A LANDSCAPE expert told a public inquiry into fracking in Lancashire that operations at either proposed drilling site would not cause permanent significant damage to the visual character of the area.
Andrew Tampany was asked for his opinions on the impact that drilling rigs, fencing and other aspects of the proprosed shale gas operations would cause to the rural sites.
Mr Tampany was giving evidence in Blackpool on the fourth day of a public inquiry into Cuadrilla’s appeal against Lancashire County Council’s refusal of permission to frack at sites in Roseacre Wood, near Elswick, and Preston New Road, Little Plumpton.
Chartered landscape architect Mr Tampany said he accepted that the 53-metre high drilling rigs would cause a temporary visual intrusion. But he said there would be no permanent harm to the landscape after restoration.
Operations at both sites are expected to cease after about six years.
He told the hearing the first phase would involve installing monitoring equipment, and the second an access road, and fencing .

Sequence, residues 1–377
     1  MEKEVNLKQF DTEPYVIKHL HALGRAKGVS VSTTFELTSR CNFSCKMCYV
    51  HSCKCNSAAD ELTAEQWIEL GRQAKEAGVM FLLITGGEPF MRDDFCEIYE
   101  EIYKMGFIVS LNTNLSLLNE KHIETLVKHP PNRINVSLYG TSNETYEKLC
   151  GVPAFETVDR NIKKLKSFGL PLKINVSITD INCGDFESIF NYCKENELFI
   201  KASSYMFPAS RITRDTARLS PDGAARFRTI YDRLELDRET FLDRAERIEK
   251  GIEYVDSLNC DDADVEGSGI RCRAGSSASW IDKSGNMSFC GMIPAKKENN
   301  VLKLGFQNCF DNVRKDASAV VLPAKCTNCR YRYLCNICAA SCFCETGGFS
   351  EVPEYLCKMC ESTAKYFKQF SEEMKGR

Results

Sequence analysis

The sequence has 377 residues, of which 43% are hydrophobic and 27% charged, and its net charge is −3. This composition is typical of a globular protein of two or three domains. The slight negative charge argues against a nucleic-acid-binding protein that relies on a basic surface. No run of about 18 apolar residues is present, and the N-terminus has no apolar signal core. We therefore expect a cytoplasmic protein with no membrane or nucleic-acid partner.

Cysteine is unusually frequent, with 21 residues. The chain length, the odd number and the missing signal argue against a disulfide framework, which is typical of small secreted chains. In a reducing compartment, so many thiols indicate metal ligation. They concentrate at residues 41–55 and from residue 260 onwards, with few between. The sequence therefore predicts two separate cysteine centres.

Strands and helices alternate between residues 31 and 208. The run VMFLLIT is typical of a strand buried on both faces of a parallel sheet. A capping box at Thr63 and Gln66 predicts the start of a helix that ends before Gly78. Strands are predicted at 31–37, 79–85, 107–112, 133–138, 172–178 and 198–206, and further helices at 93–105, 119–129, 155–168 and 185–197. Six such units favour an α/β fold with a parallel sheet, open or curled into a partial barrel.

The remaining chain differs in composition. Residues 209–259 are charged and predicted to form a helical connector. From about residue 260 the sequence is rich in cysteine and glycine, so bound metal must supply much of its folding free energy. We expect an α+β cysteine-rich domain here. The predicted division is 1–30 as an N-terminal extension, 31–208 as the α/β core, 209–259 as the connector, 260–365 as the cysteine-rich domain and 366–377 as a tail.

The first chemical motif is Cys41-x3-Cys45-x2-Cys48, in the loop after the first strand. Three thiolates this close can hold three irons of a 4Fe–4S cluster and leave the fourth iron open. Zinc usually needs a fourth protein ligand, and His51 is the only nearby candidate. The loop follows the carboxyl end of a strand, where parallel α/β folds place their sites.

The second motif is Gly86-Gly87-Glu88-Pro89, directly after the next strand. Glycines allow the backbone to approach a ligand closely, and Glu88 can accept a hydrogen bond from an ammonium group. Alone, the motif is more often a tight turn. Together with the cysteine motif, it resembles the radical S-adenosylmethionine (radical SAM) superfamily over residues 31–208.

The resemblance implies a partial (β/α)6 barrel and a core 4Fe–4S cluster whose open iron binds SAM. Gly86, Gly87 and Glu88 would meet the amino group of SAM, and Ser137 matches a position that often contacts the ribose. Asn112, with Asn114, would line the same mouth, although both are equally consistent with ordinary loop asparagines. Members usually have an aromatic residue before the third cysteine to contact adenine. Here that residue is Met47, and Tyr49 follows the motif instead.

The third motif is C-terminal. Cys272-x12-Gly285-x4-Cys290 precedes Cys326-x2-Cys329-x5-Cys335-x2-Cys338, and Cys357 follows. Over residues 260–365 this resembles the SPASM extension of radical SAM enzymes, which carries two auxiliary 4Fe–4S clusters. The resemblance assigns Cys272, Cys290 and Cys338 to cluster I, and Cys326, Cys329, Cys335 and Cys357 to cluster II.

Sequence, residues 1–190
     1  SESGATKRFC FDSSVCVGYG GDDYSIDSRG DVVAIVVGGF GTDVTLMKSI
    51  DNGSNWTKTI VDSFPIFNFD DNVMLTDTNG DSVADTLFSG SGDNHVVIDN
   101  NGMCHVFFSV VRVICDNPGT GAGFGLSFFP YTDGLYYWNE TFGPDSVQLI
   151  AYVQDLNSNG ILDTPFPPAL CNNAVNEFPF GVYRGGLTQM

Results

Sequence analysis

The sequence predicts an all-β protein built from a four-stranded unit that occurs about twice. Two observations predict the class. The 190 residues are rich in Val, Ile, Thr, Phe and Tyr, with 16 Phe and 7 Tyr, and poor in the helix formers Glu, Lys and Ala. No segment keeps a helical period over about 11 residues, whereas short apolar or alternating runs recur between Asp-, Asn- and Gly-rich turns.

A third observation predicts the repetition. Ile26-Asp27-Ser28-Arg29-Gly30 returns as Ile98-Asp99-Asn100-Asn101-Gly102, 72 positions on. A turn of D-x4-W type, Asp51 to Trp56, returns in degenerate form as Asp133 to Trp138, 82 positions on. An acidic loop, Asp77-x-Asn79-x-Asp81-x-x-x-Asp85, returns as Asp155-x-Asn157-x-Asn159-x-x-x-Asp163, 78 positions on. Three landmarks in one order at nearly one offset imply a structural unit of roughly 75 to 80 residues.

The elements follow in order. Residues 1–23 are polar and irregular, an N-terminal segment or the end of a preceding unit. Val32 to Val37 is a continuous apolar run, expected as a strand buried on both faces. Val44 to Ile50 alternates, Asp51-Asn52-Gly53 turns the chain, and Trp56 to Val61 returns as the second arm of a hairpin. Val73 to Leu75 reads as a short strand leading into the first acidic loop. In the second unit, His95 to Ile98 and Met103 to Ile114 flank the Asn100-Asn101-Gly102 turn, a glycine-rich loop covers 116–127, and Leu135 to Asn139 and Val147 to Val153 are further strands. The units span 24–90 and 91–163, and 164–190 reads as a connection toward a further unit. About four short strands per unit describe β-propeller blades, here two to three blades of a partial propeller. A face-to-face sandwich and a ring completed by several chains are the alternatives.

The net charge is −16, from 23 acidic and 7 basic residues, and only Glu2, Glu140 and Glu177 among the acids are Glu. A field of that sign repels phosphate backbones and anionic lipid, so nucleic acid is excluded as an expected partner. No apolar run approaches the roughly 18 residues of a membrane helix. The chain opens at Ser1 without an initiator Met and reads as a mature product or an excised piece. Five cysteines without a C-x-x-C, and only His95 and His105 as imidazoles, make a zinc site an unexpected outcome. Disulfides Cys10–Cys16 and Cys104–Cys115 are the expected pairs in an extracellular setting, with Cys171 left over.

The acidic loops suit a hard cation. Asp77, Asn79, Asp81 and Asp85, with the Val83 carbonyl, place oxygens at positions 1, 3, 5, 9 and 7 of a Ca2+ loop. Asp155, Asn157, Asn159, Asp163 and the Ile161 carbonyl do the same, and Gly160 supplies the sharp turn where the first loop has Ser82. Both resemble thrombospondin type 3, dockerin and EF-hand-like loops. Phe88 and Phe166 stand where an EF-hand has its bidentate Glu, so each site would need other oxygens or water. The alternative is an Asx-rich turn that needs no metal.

The 53-metre high drilling rig would be next to arrive, later being replaced by a 36-metre rig.
He stressed that the sites were not permanent, and argued that Preston New Road was not completely rural because of the proximity of the motorway, pylons and other “urban influences”.
Speaking about both sites, he concluded: “None of the proposals will materially affect the key landscape characteristics.”
l A branch of Barclays bank at Lancaster University was occupied by protesters yesterday angry at the bank’s alleged investment in fracking, coal and tar sands..